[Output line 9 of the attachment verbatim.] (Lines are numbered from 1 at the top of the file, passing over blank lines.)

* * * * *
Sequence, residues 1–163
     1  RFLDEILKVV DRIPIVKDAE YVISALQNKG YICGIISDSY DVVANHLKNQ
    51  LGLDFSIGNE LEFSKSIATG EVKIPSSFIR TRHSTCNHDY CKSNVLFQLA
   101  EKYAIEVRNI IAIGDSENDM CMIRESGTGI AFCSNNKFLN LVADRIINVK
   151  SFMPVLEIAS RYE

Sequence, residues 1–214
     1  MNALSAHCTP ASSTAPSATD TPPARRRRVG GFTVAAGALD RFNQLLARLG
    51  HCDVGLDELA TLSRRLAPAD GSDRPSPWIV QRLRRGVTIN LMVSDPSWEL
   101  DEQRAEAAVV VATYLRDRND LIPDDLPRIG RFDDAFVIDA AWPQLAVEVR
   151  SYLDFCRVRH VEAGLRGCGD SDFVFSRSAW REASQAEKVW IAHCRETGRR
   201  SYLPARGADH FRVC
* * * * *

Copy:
   101  DEQRAEAAVV VATYLRDRND LIPDDLPRIG RFDDAFVIDA AWPQLAVEVR